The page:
Ekiben

Hungry and on the go? Top 10 ranking of ekiben at Tokyo’s Shinagawa Station

A definitive ranking of the 10 best-selling bento boxes at one of Tokyo’s major travel hubs.

Read More

Godzilla: King of the Bento, now with limited King of the Monsters packaging

Octopus, eel, vegetables, and rice all in the same bowl? Let them fight.

Read More

This beautiful beefy bento is one of the best meals you can have on a train in Japan

Kobe beef’s fiercest rival is the star of this sukiyaki ekiben that not only tastes amazing, but sounds great too.

Read More

Should strong-smelling foods be banned from bullet trains? Japanese citizens debate

A popular snack for the trip home from Kansai is an Osaka-specialty pork bun, but some commuters think they should be banned.

Read More

The five best bento boxed lunches sold at train stations in east Japan

Short on time to pick which bento to buy before your train leaves? Let us help you choose.

Read More

Japan’s top train station bento boxed lunches for 2016, as picked by travelers

If you’re riding the rails in Japan, here’s how you should be stuffing your face.

Read More

The ultimate Shinkansen trip: Riding Japan’s bullet train network from one end to the other

Just how far can you go before you run out of Shinkansen?

Read More

The Shinkansen now goes all the way to Hokkaido, and here’s its newest, northernmost station

Come for the bullet trains, stay for the delicious seafood and anime statue.

Read More

The cutest, must-have bento lunchboxes you can buy and eat on the train

Japanese often say that a good view makes a meal taste better, so it goes without saying that a cute-looking lunchbox would also enhance the contents inside. From meals served in Shinkansen-shaped containers or rabbit-faced boxes that can be reused as coin banks, to lunch boxes that play music or have collector’s items hidden inside, Japan’s ekiben take Japanese food to a whole new level.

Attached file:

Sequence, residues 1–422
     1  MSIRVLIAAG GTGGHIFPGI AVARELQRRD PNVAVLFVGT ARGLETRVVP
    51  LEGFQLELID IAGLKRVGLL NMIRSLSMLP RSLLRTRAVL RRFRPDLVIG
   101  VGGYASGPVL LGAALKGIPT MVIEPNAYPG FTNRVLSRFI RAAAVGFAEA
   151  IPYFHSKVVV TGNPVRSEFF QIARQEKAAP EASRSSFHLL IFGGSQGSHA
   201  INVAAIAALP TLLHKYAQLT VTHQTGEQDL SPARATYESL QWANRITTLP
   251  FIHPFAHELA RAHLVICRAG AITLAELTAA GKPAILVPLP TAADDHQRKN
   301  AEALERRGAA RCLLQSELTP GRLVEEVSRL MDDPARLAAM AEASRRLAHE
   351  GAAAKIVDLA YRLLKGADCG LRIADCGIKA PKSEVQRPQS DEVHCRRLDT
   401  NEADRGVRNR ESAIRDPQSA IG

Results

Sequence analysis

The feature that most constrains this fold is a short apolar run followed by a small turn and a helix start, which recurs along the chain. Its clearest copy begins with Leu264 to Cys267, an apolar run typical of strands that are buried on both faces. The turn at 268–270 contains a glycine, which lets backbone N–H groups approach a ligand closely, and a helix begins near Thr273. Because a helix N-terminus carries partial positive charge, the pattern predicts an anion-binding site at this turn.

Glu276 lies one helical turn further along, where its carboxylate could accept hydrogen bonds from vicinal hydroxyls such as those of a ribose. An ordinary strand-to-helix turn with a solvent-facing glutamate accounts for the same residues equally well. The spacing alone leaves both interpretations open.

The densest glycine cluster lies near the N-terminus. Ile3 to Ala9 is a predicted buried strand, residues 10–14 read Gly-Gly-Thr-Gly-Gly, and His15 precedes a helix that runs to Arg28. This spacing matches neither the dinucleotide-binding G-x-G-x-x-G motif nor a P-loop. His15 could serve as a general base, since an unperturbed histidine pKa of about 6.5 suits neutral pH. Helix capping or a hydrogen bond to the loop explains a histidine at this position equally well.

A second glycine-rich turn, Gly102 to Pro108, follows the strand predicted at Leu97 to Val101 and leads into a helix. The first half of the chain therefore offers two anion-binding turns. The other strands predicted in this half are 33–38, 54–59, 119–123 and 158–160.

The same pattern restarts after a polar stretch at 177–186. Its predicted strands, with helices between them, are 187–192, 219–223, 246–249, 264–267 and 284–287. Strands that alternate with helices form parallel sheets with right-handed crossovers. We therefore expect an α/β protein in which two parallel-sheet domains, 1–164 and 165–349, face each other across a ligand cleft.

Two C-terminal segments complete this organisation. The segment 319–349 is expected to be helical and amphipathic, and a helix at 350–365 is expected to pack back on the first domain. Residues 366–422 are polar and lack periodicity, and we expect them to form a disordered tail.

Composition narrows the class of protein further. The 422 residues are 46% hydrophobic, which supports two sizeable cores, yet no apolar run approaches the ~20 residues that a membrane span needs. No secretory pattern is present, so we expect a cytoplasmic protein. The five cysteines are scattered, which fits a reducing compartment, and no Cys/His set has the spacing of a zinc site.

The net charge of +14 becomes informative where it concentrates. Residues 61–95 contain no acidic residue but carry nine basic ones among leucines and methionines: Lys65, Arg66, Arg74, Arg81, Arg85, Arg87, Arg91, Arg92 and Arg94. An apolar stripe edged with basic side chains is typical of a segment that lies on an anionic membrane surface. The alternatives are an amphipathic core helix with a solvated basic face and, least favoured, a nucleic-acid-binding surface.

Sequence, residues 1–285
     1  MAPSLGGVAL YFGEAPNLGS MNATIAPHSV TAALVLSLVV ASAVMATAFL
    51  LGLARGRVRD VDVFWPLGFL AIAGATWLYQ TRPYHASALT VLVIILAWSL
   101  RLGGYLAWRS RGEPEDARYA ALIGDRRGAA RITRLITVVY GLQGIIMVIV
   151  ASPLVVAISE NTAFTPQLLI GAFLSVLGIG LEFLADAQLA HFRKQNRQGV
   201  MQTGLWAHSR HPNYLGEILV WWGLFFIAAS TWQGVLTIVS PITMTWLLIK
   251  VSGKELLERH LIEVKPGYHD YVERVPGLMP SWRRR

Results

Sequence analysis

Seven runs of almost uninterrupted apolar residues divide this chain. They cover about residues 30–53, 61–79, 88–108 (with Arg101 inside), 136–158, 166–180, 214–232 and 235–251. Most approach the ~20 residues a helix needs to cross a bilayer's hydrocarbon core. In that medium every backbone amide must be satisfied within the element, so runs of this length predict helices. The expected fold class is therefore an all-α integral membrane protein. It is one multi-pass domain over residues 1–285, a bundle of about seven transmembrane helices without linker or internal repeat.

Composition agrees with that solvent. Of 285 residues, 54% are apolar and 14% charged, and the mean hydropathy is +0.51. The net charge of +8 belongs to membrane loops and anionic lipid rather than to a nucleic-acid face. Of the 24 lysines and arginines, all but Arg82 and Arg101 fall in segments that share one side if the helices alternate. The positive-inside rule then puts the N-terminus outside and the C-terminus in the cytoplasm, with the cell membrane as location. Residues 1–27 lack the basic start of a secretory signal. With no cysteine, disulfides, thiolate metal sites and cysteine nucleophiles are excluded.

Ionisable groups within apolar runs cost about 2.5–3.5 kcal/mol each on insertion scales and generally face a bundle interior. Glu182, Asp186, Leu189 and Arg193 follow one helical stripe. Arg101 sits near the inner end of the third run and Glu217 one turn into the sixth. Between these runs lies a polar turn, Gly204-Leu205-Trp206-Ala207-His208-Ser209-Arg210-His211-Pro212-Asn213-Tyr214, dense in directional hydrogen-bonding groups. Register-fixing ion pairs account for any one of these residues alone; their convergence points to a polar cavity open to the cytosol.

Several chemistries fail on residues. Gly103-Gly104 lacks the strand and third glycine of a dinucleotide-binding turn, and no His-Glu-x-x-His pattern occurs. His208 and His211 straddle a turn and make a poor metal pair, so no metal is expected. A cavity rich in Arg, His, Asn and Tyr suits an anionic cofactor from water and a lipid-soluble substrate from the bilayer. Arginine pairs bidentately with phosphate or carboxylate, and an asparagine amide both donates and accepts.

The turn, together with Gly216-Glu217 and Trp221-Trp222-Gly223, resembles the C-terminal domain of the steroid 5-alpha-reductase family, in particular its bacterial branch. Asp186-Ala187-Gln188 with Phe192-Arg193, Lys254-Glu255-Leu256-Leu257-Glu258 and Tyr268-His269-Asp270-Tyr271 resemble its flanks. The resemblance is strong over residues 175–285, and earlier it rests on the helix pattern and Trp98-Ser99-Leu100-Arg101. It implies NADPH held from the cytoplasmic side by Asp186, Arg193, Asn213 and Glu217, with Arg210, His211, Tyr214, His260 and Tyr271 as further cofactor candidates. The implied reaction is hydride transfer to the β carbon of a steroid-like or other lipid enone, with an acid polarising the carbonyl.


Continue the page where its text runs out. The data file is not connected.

Today we’d like to tell you about “Ekiben”, a little book by Aki Tomura which introduces the best and most unique train station lunch boxes in Japan. We’ve chosen just a few to highlight from this gorgeously photographed, pocket-size book. The word Ekiben is a combination of two Japanese words: eki (station) and bento (lunchbox), so make your next train trip a gourmet ride with these bento available at various JR stations—just waiting for you to buy, smile, and devour.

Let the fun begin!

Read More

Evangelion Shinkansen gets range of souvenirs, including its very own bullet train ekiben obento

A train journey in Japan is much more than a means to a destination; with spotless carriages and unique tie-in promotions, riding the Shink is an event in itself. And with the Evangelion Shinkansen bullet train scheduled to start running from November 3, things are set to get even more exciting as passengers can now ride the rails from Osaka to Fukuoka and back inside a train dressed up as a giant bio-machine.

To mark the special occasion, Japan Rail West is releasing a whole range of commemorative Eva bullet train goods for travellers in the country, including stationery, snacks, and an awesome ekiben bento that comes in a keepsake ceramic shinkansen-shaped container.

Read More

Japanese boxed lunches pulling into France at authentic bento stand opening in Paris station